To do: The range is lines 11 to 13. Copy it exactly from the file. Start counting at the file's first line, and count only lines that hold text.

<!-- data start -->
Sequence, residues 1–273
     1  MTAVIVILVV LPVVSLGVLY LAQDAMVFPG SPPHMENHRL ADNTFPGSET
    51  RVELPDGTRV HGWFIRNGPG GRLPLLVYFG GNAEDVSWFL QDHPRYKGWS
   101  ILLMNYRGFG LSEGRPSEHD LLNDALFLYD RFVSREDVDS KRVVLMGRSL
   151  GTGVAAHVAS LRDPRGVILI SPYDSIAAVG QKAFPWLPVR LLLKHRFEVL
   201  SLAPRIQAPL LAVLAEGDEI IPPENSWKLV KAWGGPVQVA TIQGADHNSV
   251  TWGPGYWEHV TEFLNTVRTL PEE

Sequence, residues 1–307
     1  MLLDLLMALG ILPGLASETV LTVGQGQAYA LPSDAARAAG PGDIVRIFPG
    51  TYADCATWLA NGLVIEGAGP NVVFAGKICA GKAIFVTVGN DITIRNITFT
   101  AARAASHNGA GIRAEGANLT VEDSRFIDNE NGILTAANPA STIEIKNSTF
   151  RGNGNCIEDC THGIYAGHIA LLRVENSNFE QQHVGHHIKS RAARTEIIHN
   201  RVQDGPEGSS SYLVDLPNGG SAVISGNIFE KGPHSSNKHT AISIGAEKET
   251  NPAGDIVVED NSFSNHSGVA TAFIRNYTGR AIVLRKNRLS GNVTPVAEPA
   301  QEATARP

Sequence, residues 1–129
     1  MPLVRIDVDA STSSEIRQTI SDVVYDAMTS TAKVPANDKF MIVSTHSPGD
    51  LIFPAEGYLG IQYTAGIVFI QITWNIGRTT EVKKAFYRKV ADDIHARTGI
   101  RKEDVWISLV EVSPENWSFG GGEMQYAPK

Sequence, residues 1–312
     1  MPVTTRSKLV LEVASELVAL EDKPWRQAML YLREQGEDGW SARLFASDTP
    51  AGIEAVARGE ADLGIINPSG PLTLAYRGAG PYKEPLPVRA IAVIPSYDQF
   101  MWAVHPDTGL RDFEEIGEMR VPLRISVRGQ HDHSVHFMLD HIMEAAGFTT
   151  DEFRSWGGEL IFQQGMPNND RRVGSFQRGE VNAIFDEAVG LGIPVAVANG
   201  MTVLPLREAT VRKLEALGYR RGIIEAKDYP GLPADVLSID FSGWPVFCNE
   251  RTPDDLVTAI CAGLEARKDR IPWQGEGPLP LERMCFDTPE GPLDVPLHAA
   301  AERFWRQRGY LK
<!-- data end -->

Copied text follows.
   101  AARAASHNGA GIRAEGANLT VEDSRFIDNE NGILTAANPA STIEIKNSTF
   151  RGNGNCIEDC THGIYAGHIA LLRVENSNFE QQHVGHHIKS RAARTEIIHN
   201  RVQDGPEGSS SYLVDLPNGG SAVISGNIFE KGPHSSNKHT AISIGAEKET